DR Testing an Integral Part of RES-Q’s Services
July 12, 2011 Alex Woodie
When it comes to disaster recovery, preparation is everything. Most organizations realize that a disaster could happen, which leads them to adopt a tape-based backup solution, at the very least. But a failure to regularly practice the disaster scenario and perform recovery drills will usually result in glitches and gotchas if the real thing were to happen. One IT vendor that is putting a strong emphasis on DR testing and preparation is the RES-Q division of Corus360, which recently expanded its recovery center near Atlanta.
Corus360 is a value added reseller (VAR) for all the big tier-one systems manufacturers, including IBM, HP, EMC, Dell, and Hitachi. But it’s the work it does in DR and business continuity (BC) services–including hot site, warm site, and drop-ship services; data vaulting, data replication, and high availability (HA) failover; workgroup services (including temporary office space, call center facilities, and temporary and permanent staffing); and DR testing–that sets it apart from its peers, and puts it closer to the vicinity of the tier-one DR and BC providers, IBM Business Continuity and Recovery Services (BCRS) and Sungard.
The company earned a reputation by helping Fortune 100 and midsize corporations recover after Hurricanes Katrina and Rita devastated the Gulf Coast in 2005. “We really did that well, being able to drop ship servers for recovery and testing,” senior business continuity manager Steve Gruber tells IT Jungle. “Sungard and even BCRS customers came to us and said, ‘Hey it’s great you have all this [IT] inventory, but we don’t have a place to land.’ So we quickly utilized a former data center, and converted that to a hot or warm site where we can stand up gear at a moments notice.”
That data center is a 30,000-square-foot, raised-floor facility in Norcross, Georgia, that Corus360 acquired from NCR several years ago. The data center, which became one of the Atlanta area’s first LEED certified data centers in 2010, today houses RES-Q’s z700 series IBM mainframe and System p equipment, as well assorted Wintel and Lintel systems. The company is working on acquiring its own IBM i DR machine, which will augment the IBM i capacity that it manages for clients.
This data center gives RES-Q an advantage in the amount of time it can spend with customers to tailor and then test the DR strategy, says Bill Baron, who recently joined Corus360 as vice president of sales after a 21-year career at Sungard (Gruber also spent time at Sungard).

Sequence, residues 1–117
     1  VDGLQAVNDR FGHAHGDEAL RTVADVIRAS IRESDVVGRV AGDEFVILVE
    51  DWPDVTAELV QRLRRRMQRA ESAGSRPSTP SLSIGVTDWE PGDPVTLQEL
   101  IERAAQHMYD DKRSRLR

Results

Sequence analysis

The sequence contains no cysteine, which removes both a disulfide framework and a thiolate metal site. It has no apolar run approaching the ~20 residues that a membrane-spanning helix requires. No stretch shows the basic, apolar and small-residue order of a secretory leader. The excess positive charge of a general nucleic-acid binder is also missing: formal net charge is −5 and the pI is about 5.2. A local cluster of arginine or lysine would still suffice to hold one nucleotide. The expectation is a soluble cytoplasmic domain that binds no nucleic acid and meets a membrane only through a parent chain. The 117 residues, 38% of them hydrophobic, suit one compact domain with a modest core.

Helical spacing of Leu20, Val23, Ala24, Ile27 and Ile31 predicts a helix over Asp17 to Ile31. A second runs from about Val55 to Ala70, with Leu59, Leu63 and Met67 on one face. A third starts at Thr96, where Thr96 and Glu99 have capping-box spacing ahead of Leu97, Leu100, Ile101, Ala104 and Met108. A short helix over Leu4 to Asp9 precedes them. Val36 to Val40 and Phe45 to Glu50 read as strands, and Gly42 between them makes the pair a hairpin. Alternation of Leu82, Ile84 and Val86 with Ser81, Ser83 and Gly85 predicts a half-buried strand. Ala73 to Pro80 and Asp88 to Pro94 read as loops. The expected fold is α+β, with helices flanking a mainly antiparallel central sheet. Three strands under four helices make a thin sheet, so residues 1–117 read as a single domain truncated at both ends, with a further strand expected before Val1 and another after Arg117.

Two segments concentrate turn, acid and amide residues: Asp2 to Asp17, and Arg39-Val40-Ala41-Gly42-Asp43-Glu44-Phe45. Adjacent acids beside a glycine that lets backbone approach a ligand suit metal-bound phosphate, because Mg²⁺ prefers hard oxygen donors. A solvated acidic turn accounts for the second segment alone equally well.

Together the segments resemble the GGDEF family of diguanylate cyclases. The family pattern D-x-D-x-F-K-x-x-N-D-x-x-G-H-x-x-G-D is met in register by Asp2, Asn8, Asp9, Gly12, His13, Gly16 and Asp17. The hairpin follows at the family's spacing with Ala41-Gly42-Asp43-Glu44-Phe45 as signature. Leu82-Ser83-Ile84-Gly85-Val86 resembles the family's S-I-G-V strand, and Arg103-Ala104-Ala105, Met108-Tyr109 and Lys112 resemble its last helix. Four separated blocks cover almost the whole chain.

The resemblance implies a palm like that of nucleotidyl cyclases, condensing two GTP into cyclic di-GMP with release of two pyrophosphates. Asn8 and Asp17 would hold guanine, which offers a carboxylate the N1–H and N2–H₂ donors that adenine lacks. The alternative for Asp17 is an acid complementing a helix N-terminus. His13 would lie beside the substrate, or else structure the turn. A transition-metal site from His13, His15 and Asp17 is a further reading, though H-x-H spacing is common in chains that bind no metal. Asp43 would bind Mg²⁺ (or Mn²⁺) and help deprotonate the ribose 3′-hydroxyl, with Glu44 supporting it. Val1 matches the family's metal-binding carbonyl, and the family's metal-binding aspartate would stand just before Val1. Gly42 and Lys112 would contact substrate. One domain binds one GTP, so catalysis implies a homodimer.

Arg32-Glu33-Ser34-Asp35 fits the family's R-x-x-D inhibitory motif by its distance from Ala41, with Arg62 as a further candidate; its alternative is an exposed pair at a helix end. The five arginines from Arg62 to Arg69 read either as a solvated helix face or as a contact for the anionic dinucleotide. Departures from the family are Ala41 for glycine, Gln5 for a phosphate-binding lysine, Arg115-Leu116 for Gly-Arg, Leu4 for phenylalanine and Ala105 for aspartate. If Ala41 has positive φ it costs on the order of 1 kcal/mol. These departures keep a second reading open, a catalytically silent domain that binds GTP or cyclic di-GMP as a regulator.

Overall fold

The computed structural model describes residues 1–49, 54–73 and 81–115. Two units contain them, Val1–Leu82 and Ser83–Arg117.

“The enormous, $100 million inventory [in servers, storage, and other IT gear] is one of the compelling things that make us a little different,” Baron says. “Another thing that’s different for our customers is we treat our recovery center not simply as a testing or recovery facility, but it can be used, for lack of a better word, as a laboratory. … By leveraging that inventory, clients can bring in additional equipment to play around with things and address the issues they’re dealing with offsite, which allows them to better utilize our recovery center.”
Baron’s time at Sungard taught him the importance of taking DR testing seriously. “There are two fundamental ways that clients approach testing,” Baron says. “Some people approach testing to go ahead and do a pass-fail–frankly, to look good up the food chain, if you will, to meet requirements or to not rock the boat.
“But the other group of people will look at the test and see an opportunity to expose vulnerabilities. And if there are issues that come up, that doesn’t mean it’s a failure, but an opportunity to be better prepared in the future. So they don’t fear failure. To some degree, they embrace it and learn from it. I can tell you from my first-hand experience from those types of disasters that the companies that approach this as, ‘Okay I’ve got a problem here,’ there was a huge difference in the way they were recovered.”
Corus360 and RES-Q services many companies in the Southeast, but works with customers all over the country, and has partnerships with fellow data center operators to utilize their infrastructures. The 75-person company doesn’t have the resource of an IBM BCRS or Sungard. But officials says RES-Q’s hybrid approach to service level agreements (SLA) allow it to address the different recovery point objectives (RPOs) and recovery time objectives (RTOs) that individual companies have for their different types of applications, thereby providing more flexibility and a more customized DR solution than the tier-ones can provide.